Rachel Neumeier

Fantasy and Young Adult Fantasy Author

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There goes spring break . . .

And did I get all the seeds planted?  All the dead stalks of last year’s perennials trimmed back?  All the dogs bathed?

Did I take Pippa to town every day and remind her, around real distractions, of the obedience work we haven’t practiced for two years?  No, I did not, even though she will be in the ring again at last in just two weeks.  (I did take her out once, and she did great but does need to practice the stand for exam.)

Did I read the rest of the books by Nina Kiriki Hoffman that I just bought and have been dying to get to?  Watch the three seasons of Battlestar Galactica which I have owned for years?  No, not that either.

What I did instead was write 114 pp of my newest work-in-progress.  In eight days.  Bringing the total number of pages to 202.  For me, 14 pages a day is very good indeed and reason to be smug, even though I now have to catch up on all the other things I let slide.  Plus, I think I have a vague inkling of how the book will end!  Maybe.

Here’s the way it starts:

*   *   *
Chapter One

The day Erest’s brother Kevi was stolen, that was the same day Erest climbed over the wall for the second time.

The first time he had not known what he was doing.  That had been ten years ago, almost.  He’d only been five, an independent, unpredictable toddler with more curiosity than any ten cats – his mother, Elise, put it like that when she was telling one of her embarrassingly cute baby stories about him.  She laughed when she said it, but she meant it, too.  She seemed to have twice as many stories about Erest as about any of his brothers or his sister.  Although that story was not cute, and anyway it wasn’t really about Erest.  It was about his father.

Erest had got of the house and all the way through the back pasture, where luckily the red bull, lying in the shade of the cottonwoods by the river, had not noticed him.  He had clambered over the wall at a low place where one of the big stones that braced the wall had cracked straight through and where some of the flat red rocks laid across the top had fallen.  The miniature rockslide had left an irresistible gap for any five year old, and never mind all that about the cats.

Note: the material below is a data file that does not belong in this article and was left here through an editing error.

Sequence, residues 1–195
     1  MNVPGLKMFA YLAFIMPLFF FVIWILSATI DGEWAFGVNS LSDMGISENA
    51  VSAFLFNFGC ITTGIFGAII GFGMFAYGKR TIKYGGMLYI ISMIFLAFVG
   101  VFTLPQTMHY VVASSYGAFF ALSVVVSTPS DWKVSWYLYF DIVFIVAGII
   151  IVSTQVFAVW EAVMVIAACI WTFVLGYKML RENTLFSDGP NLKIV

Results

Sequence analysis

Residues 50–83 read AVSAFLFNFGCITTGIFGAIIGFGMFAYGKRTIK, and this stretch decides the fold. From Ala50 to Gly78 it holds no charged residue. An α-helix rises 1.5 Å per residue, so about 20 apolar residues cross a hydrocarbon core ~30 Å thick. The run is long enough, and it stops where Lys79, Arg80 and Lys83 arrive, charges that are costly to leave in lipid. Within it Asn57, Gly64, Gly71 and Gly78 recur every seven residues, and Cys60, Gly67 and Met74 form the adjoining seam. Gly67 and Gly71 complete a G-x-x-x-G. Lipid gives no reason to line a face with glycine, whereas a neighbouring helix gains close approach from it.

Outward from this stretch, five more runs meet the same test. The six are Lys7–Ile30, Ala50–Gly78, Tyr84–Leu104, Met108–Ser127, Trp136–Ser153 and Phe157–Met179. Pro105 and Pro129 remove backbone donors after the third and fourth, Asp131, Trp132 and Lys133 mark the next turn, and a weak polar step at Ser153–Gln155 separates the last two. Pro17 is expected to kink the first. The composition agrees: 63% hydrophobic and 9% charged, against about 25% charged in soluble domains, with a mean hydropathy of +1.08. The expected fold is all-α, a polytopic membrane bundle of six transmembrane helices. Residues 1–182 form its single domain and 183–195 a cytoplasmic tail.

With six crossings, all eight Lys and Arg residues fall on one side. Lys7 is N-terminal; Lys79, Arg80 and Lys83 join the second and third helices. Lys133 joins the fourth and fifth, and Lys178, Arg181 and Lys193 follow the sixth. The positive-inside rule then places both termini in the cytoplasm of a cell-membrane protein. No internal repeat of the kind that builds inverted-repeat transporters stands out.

“How any five-year-old baby could get all that way and then keep right on going up the mountain, one little foot after another!  But that’s Erest,” his mother always said when she reached this part of the story.  “Once he gets started, he won’t turn back halfway.”

He had been wearing a blue shirt that day.  The dye had streaked, that was why his mother had got it cheap from the peddler, but it was a good bright blue, like a flake off the sky.  That was why his father had spotted him, already high up on the mountain’s shoulder.

It was the only mountain in all of Whetsee.  It was not really a proper mountain, Erest’s brother Davud said.  Davud worked for Master Paulin, who was a dyer and traveled all over the world arranging for the production and trade of the rarest and most expensive dyes and fixatives, and the best cloth, too.  Davud had been not only to Carst and Illium but even to Markand, all the way south and east to where real mountains, he said, stabbed upward like knives aimed at the heart of heaven.

Davud did not come home very often, but the last time, having been pestered almost to death by his younger brothers on his previous visits, he’d brought a series of sketches to show everyone.  He’d been proud of his sketches of busy Illian markets and girls drawing water from fountains, of Markand palaces and temples with pointed upswept roofs and smiling girls with flowers in their hands and in their hair.

Little Tom, who was sixteen then, and Kert, who was fourteen, liked the sketches of the girls best.  They spread those sketches out on the scarred work table in the kitchen because it was the largest table in the house, and then they argued about which girl was prettiest and teased Davud and said that he should bring a girl home instead of just a drawing.  Alise – she was eighteen then, and being seriously courted by two different town boys – had just rolled her eyes, but Davud blushed and glanced sidelong at their mother, and said maybe someday he would.  Elise had just smiled, so it was hard to decide what she thought about Davud maybe bringing a foreign girl home.

Erest had been twelve.  He had privately thought Davud had spent more than enough of his time drawing girls, but he loved the other drawings.  The last one, the one he liked best, showed the mountains of eastern Markand.  “A drawing like this doesn’t do the job,” Davud had said apologetically.  “No ink could do it right – there’s not that much paper in the world.  It’s like the whole horizon rears up to touch the sky.  It’s like the world ends right there.  You feel if you climbed up to the top and looked over, there wouldn’t be anything on the other side but sky, going on forever.”

Erest had tried to imagine this.  He had decided right then  that his brothers could have the farm – that someday he, too, would be a travel like Davud.  His trade didn’t matter, so long as he got to travel.  He didn’t care much about dyes, but he wondered if his brother’s master might want another apprentice.  But when he asked Davud later, his brother said Master Paulin was getting ready to settle down and devote himself to building up a decent clientele someplace civilized, maybe in Illium somewhere, and if he took another apprentice it would probably be an Illian boy.  But he gave Erest the sketch of the mountains for his own.